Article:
Whereas defendant applied for the registration of the mark -DMW on 04.03.2017 under class 12 for manufacturing, marketing and selling E-Rickshaws, E-Cart Rickshaws, Electric Cargo and Electric Loader.
What enticed me to go for this case was, how a company like BMW selling products worth 3 million (Rupees) in a single go, can be affected by a small business operator who manufactures E rickshaw (under similar mark) worth mere 100k or less (Rupees).
The trigger to this litigation was pulled when the defendant refused to comply with the cease and desist notice sent by the plaintiff, to cease the use of the DMW mark in relation to E-rickshaws etc.
The plaintiff’s major bone of arguments to bring infringement case u/section 29(4) of the T.M Act,1999 against defendant was that- the defendant was using an identical and deceptively similar mark, to that of its mark-BMW, which in turn amounts to- dilution of the mark -BMW and also an act of passing off.
To substantiate, the plaintiff put forth that Defendant’s mark -DMW is identical to the mark-BMW in the sense that defendant has replace B with letter D while keeping M and W identical. Thus, the mark-DMW is visually and phonetically similar to that of the plaintiff’s mark. The plaintiff further tried to convince the court that the plaintiff’s mark is quite well known and the defendant has intentionally adopted the identical mark to invoke the mark-BMW in the mind of the consumers.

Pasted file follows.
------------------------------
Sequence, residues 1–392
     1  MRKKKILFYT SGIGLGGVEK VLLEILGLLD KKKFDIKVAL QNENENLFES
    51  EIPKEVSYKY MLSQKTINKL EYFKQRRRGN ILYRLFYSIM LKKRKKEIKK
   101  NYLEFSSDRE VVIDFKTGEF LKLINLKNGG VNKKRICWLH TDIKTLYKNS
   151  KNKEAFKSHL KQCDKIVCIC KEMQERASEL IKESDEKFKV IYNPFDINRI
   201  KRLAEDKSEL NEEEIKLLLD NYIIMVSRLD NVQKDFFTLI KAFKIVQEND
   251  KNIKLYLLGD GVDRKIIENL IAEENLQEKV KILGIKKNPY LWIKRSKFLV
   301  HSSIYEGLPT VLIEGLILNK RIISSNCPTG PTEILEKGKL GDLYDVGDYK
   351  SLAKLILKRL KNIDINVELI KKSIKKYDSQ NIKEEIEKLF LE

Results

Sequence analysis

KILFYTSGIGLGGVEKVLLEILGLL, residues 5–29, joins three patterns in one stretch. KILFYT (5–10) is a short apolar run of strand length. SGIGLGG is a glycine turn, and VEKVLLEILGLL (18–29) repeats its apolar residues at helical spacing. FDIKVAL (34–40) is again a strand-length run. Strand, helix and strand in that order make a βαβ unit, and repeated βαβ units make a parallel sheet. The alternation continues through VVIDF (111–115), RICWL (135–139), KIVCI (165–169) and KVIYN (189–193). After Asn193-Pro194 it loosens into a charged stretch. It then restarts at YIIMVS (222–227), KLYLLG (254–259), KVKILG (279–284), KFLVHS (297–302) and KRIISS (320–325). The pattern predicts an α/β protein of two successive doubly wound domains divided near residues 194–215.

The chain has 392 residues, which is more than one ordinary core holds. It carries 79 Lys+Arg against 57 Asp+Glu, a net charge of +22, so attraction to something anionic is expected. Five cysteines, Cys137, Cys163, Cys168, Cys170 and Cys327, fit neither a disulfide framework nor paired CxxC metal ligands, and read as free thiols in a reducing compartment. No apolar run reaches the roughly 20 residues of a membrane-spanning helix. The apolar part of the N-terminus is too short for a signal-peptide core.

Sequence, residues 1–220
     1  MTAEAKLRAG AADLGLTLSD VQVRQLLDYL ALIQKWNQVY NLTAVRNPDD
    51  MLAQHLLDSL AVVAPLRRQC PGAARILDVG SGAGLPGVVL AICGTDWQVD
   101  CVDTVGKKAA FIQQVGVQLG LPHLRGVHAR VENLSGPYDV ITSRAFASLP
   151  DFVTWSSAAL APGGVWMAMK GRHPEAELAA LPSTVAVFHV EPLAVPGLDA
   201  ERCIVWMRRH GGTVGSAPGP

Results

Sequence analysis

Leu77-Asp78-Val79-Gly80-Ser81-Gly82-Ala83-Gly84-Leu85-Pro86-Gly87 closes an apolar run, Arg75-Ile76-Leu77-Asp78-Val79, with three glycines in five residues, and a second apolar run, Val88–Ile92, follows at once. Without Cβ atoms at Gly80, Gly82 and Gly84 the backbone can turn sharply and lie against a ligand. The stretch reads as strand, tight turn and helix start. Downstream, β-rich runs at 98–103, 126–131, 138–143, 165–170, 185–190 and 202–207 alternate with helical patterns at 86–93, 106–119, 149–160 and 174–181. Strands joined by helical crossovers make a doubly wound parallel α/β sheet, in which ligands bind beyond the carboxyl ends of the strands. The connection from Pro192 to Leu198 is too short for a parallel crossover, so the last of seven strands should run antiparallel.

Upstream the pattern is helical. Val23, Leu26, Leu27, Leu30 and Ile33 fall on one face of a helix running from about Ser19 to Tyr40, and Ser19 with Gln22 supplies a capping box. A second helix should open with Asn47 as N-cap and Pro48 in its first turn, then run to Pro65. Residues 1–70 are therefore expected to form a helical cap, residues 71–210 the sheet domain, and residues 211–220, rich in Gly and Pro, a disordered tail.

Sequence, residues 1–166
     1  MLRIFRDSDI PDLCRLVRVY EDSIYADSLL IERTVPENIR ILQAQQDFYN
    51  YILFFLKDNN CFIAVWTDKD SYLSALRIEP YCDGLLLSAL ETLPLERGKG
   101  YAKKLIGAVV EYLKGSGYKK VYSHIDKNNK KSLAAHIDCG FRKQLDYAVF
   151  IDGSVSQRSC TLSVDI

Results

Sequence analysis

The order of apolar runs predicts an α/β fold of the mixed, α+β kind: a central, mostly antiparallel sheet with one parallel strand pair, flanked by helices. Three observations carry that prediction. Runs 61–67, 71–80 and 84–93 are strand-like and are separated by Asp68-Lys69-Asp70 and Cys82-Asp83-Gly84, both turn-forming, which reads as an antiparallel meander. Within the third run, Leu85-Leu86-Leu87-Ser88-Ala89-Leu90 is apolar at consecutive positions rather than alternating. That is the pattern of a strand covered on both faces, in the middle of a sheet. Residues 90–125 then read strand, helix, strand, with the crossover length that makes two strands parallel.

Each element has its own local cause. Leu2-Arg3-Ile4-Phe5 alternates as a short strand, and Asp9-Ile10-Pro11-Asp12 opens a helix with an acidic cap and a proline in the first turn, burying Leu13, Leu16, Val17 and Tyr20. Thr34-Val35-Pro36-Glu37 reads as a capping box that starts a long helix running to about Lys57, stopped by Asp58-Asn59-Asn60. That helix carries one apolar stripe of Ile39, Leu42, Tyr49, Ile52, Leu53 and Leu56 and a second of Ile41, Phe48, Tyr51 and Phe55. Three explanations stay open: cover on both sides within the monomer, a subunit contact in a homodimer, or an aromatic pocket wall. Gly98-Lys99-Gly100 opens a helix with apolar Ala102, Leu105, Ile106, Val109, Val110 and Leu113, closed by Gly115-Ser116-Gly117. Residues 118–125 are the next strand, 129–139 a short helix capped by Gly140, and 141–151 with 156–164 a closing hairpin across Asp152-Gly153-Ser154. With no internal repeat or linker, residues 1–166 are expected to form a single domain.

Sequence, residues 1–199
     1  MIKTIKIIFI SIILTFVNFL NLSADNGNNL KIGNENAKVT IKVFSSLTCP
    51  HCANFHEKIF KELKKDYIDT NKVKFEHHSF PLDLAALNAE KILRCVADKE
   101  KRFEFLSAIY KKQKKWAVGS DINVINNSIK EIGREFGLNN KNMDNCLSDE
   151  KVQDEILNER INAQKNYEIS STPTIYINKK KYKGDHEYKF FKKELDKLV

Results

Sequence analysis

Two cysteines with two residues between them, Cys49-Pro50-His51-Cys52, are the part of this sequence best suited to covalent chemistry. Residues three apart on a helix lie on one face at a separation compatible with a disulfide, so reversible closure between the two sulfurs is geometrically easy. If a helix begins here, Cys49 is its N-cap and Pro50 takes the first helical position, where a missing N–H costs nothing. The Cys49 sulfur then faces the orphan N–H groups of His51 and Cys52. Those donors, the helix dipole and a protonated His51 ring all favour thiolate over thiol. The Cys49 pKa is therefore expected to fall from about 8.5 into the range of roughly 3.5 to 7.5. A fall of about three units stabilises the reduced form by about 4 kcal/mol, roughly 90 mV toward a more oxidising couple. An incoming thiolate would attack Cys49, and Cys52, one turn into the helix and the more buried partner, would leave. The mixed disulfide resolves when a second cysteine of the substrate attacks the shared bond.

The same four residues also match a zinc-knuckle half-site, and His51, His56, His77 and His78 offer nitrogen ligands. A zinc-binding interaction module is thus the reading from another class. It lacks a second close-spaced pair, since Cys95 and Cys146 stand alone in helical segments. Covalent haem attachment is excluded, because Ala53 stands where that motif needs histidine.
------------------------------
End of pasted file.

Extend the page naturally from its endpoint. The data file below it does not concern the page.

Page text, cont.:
Per contra, the defendant argued that their mark is completely different in terms of visually, structurally and phonetically difference, if compared to the plaintiff’s mark. The defendant meant to say that their class of buyers, nature of business and product of buyers are totally different, i.e., total value of product of defendant is about 50k and that of plaintiff’s product is 3 million. Hence, there arises no confusion per se, if both marks are compared.
The court here seems to be adopting the plaintiff’s version of arguments that brand/mark of the defendant is phonetically and visually similar to the plaintiff’s mark and the defendant sought to have unjust enrichment from the brand quality and goodwill of the plaintiff. The court however looked confused. The court relied on the case of J.k Oil Industries v. Ganpati Food Products & ors, to pull out the jurisprudence of identical and deceptive similarity of a trademark, wherein the court further relied on the judgments of Amrit Dhara & Durga Dutt, reiterated already established principles for deceptive similarity,
“where the two marks are identical no further questions arise; for then the infringement is made out. When the two marks are not identical, the plaintiff would have to establish that the mark used by the defendant so nearly resembles the plaintiffs registered trademark as is likely to deceive or cause confusion in relation to goods in respect of which it is registered. ”The persons who would be deceived are, of course, the purchasers of the goods and it is the likelihood of their being deceived that is the subject of consideration.”